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Space Science

Collecting Stardust 147

An anonymous reader writes "Washington University in St. Louis space scientists are reporting the first definitive laboratory dissection of an interstellar dust particle, thus pulling out each grain's history individually. When collected at high-altitude, the origin of six grains are from outside our solar system. 'Space' is full of dust, or ejected material from long-dead stars. In this case, 3 of the 6 dust grains are from red giant stars, and perhaps 2 are from supernovae. In the next 5 years, there are six missions targeting a rendezvous with either a comet or asteroid, including the Stardust mission to return the first extraterrestrial samples since Apollo. That only leaves 100 billion comets left to explore in our own solar system's Oort cloud." Update: 02/28 17:22 GMT by M : Fixed university name.
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Collecting Stardust

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  • Correction (Score:5, Informative)

    by Anonymous Coward on Friday February 28, 2003 @12:48PM (#5406819)
    You mean Washington University in St. Louis...

    *not* "University of Washington"
    • As a Wash U alumnus(sp?), all I have to say is if I had a dollar for every time someone confused Washington University in St. Louis with the University of Washington or even George Washington University, I'd be on my way to the International Space Station right now...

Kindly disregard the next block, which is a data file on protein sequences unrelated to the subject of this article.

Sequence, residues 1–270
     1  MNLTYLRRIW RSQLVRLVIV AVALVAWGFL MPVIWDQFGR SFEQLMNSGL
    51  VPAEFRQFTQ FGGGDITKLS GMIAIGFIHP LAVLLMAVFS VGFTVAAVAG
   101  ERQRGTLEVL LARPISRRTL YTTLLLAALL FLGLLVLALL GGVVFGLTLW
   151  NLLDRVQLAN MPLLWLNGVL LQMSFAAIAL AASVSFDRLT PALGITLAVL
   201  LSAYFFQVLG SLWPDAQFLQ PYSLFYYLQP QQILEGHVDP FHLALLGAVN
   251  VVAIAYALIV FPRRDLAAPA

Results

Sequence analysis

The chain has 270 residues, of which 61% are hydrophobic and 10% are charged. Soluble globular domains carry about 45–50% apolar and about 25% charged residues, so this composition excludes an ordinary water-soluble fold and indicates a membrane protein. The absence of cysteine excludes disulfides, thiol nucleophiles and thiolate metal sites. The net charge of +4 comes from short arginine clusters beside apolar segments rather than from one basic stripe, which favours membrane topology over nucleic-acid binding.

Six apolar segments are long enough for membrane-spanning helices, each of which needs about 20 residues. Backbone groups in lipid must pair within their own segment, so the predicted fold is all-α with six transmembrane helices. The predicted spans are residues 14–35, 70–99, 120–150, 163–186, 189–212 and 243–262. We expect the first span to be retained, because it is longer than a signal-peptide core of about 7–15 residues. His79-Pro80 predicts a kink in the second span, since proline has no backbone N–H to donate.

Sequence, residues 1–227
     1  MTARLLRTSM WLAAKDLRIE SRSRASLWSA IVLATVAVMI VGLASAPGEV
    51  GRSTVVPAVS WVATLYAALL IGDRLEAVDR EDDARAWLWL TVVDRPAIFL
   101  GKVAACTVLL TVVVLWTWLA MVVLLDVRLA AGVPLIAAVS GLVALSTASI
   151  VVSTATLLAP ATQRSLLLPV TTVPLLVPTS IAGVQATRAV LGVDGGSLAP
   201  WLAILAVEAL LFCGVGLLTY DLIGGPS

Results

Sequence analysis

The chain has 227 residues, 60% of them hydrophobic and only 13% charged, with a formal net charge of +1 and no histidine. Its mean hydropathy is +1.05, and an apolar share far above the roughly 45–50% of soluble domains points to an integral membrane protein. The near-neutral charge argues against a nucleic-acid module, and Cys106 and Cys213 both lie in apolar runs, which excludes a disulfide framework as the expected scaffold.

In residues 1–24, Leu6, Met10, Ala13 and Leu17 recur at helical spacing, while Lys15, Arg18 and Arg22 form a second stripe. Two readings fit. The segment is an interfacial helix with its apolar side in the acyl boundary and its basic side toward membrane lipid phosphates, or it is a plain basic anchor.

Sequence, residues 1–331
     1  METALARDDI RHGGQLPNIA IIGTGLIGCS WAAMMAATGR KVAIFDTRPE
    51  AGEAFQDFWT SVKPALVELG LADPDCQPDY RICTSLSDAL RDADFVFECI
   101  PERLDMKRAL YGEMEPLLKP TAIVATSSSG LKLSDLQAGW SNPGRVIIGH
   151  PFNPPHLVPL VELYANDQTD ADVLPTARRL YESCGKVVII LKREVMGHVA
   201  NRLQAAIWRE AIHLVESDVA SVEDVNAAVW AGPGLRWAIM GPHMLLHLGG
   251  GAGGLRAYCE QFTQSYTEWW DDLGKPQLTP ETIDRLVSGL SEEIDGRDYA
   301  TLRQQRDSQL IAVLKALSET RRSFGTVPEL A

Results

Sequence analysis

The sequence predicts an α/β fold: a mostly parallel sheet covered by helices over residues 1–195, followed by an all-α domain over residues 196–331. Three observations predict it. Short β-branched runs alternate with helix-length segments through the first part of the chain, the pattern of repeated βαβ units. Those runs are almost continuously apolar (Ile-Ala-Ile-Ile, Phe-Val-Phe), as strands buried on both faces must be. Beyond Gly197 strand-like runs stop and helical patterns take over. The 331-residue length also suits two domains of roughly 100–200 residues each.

• Re:Correction (Score:2, Informative)

      by vortigern00 ( 443602 )
      Anyone who does not regognize Washington University in St. Louis immediately dates themselves as a net newbie...

      It doesn't seem like long ago that wuarchive.wustl.edu was the definitive source of stuff on the net.

      ...and zurich.ai.mit.edu was the definitive source of... other stuff :)

      -Vort
  • by choctawgh ( 652121 ) on Friday February 28, 2003 @12:48PM (#5406820)
    In other news, David Bowie is suing for patent infringement, claiming he IS stardust... ok, so it's weak......I'm tired and the coffee maker is broken ;)
  • by Anonymous Coward on Friday February 28, 2003 @12:49PM (#5406826)
    Sadly, the sorting and cataloguing procedure was halted today after an inattentive graduate student sneezed the entire collection over the lab
  • by cbowland ( 205263 ) on Friday February 28, 2003 @12:49PM (#5406832)
  • I gotta ask... (Score:2, Insightful)

    by gpinzone ( 531794 )
    How the heck do they know that the dust is from a whole 'nother solar system?
    • If dust is from diffrent stars then wouldn't it be obvious that its from a diffrent solar system?